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Red Bull and Ferrari have protested Mercedes after they conducted a tyre test in Spain

Complaints after Merc conduct 1000km 'secret' test

Last Updated: 27/05/13 9:33am

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Christian Horner says Red Bull have lodged a complaint to get some more information from the FIA on Mercedes recent tyre testing.

Red Bull and Ferrari have launched protests at the Monaco Grand Prix after it emerged that Mercedes conducted a secret tyre test after the Spanish GP.

Details of the 1000km two-day test for Pirelli only emerged in the Principality this weekend, with teams unhappy that Mercedes might have gained an unfair advantage.

However, speaking to Sky Sports News Red Bull Team Principal Christian Horner said they are seeking a rule clarification rather than any sanction, such as exclusion from Sunday's race.

"We feel it's not in line with the rules, so that's why we've protested before the race here. We just want clarity," Horner said.

"I think it's important to be brought to a head. I don't think we're the only team that feels that way. I don't think it's Pirelli's fault. Pirelli need to sort their situation out; the problem is the manner in which this has been dealt with has not been right."

Mercedes drivers Nico Rosberg and Lewis Hamilton have qualified on the front row in Monaco, the team's fourth successive pole position. However, they have struggled for pace in the races themselves.

That was very much the case in Barcelona two weeks ago in a race that brought particular criticism upon Pirelli because of the unexpectedly high levels of tyre degradation.

A further issue has been a number of tyre delaminations that have occurred in both Spain and Bahrain. It's understood that changes Pirelli have promised for the upcoming Canadian GP are focused on safety.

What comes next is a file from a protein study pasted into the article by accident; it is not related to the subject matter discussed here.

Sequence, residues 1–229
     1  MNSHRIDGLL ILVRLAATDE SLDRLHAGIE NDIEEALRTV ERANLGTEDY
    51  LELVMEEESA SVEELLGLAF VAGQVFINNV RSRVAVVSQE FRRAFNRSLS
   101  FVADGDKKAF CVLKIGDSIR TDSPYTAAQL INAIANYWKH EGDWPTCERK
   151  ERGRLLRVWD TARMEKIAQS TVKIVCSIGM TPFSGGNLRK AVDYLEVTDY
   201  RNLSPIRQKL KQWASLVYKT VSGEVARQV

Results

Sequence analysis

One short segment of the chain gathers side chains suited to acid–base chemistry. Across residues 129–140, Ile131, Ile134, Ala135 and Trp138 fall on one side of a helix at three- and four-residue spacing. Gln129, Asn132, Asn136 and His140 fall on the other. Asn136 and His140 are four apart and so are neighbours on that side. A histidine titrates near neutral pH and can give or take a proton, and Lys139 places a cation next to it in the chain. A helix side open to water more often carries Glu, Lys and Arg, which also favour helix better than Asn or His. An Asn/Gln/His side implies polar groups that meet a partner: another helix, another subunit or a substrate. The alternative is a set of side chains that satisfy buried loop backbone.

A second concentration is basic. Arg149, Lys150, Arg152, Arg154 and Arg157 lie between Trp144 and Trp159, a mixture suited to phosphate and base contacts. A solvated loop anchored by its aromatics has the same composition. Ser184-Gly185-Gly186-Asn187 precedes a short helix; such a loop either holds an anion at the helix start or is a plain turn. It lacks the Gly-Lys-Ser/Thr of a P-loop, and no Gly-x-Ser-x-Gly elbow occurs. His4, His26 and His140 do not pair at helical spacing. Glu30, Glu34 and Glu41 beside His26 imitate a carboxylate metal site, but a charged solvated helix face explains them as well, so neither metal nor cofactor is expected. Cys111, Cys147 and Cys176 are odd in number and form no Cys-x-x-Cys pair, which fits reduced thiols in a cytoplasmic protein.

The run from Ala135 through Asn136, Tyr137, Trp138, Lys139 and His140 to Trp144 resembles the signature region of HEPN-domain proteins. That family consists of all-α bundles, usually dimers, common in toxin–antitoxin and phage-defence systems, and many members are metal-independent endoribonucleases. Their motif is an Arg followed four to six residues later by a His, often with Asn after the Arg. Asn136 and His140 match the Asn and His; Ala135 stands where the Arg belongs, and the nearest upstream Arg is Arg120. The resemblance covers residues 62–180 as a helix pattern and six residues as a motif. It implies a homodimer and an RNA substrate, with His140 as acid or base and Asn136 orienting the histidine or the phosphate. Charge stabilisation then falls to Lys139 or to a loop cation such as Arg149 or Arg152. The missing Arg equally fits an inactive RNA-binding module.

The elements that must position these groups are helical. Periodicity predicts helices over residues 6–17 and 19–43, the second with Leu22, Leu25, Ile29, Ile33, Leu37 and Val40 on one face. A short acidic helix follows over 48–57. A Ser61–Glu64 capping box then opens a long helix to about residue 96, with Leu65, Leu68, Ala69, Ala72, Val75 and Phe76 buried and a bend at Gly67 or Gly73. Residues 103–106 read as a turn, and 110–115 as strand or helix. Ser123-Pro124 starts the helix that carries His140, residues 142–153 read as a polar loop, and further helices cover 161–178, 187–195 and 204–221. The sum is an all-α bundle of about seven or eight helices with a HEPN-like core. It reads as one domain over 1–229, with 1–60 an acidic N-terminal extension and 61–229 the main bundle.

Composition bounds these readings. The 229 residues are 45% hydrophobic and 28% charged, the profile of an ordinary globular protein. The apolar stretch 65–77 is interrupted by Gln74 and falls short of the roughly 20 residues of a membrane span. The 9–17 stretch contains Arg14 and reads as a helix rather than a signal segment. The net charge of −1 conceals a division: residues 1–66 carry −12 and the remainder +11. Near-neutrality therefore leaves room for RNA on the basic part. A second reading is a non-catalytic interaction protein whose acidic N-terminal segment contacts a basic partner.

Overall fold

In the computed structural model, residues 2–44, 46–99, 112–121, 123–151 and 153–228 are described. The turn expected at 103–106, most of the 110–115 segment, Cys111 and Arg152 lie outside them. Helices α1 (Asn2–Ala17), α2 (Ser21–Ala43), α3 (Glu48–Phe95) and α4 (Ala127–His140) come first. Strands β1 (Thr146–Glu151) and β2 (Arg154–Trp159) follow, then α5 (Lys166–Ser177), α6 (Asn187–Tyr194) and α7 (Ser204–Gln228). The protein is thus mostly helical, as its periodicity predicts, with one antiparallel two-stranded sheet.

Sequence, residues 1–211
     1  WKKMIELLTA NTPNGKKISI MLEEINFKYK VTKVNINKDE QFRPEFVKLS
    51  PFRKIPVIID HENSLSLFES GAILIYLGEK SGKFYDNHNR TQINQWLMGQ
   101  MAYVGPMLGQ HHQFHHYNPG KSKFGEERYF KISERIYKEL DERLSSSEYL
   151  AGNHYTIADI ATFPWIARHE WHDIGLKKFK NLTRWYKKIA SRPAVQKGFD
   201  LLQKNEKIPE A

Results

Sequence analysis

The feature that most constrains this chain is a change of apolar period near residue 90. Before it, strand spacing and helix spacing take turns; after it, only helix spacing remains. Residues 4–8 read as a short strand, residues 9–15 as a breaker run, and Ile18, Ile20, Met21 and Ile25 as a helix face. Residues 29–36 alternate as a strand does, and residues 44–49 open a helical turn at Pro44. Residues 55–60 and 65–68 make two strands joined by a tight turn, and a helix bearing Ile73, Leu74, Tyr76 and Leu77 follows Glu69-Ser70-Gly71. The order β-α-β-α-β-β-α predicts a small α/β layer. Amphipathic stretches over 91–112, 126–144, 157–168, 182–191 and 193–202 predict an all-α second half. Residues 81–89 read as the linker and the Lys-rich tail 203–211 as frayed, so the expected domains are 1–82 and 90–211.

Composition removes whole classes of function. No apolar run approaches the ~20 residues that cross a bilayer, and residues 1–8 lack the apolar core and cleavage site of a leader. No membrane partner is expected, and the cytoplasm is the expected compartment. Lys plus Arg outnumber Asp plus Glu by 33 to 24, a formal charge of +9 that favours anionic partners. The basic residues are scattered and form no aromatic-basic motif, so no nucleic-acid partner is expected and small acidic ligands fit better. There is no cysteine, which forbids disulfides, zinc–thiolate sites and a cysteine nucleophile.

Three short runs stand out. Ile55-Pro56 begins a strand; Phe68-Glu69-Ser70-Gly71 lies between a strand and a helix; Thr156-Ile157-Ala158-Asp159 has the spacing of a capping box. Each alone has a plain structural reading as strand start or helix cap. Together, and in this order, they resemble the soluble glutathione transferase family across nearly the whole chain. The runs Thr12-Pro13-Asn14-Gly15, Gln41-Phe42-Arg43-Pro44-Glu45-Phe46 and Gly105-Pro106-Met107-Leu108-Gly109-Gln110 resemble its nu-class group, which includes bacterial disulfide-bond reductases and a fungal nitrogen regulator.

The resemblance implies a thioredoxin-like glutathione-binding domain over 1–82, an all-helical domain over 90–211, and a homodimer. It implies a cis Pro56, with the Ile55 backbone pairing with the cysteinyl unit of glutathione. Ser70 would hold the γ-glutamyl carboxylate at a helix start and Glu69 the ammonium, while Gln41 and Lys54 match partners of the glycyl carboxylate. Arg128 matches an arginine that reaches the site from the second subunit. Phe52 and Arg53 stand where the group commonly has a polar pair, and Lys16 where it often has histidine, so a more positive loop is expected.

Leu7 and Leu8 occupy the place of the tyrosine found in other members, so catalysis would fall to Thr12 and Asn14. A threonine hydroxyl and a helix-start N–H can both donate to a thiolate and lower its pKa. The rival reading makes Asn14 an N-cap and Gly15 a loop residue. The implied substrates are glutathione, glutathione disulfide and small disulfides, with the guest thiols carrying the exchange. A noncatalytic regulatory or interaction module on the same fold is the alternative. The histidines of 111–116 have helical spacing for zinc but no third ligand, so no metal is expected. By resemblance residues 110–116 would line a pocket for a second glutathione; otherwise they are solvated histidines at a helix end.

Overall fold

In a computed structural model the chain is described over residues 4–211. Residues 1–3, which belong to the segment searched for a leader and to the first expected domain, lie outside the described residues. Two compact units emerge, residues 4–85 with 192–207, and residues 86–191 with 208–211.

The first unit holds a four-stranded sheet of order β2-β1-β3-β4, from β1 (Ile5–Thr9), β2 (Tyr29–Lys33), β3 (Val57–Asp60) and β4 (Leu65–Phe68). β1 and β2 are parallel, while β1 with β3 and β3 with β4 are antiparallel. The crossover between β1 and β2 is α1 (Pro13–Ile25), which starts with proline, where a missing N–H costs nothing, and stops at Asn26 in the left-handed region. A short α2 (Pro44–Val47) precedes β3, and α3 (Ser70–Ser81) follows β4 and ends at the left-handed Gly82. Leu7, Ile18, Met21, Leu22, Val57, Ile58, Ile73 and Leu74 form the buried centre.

Mercedes Team Principal Ross Brawn insisted they have done nothing wrong, telling Sky Sports F1: "We'll have to wait and see what the stewards have to say. But our position is clear: We were approached by Pirelli to conduct a tyre test because they were very concerned about some of the problems they were having recently and they didn't feel the car they had been using was representative.

"In their agreement with the FIA, there is a provision to ask any team to do for a 1000km test. We ran that past the FIA to make sure they were happy - and they were."

Brawn added: "It wasn't secretive. While we were setting up to do the test, all the other teams were still there. Why didn't they see that our trucks weren't going home?

"There was no attempt to make it a secret test. It's up to Pirelli to inform people if they wish to. It's not our responsibility to advise people. There was no attempt to make it a secret."

Speaking earlier, Damon Hill said the Mercedes view is that the safety aspect should preclude any protest from rivals.

"It is astonishing that you can run a Formula 1 car and it doesn't get out until now - apparently it has only been discovered or made clear last night," Hill said.

"Some teams have reacted badly to that, I have spoken to (Mercedes non-executive chairman) Niki Lauda and he assures me that they have okayed it with the FIA and the reason it is ok is because the safety regulations overrule the sporting regulations.

"He told me that the teams knew about it and they gave their permission, but I think there may be a difference between what other people are saying about that and what he told me.

"There's been a rule and understanding for a long time now that there's no testing during the season and you can't allow one team to have an advantage - that's not a level playing field.

"It would be very unusual. I can't imagine that teams would be too happy allowing a team that they're racing against to be the team doing development work on tyres mid-season.

"But if there is a safety issue, which seems to be the insinuation, then somebody has to do the testing. It just looks like Mercedes might have got in there first.

Pirelli insist there is nothing illegal about what Mercedes have done in conducting a behind-closed-doors test.

"As per our FIA contract, we can ask teams to do 1,000 kilometres of tyre testing. It's something that's common in all FIA contract including the World Rally Championship," Hembery told Martin Brundle on the grid ahead of the race.

"We asked the teams if they were interested. Some said yes, some said no."

Hembery also denied that Mercedes had gained an advantage, adding: "They don't know what they're testing. Nothing's relevant for this year, it's all future stuff."

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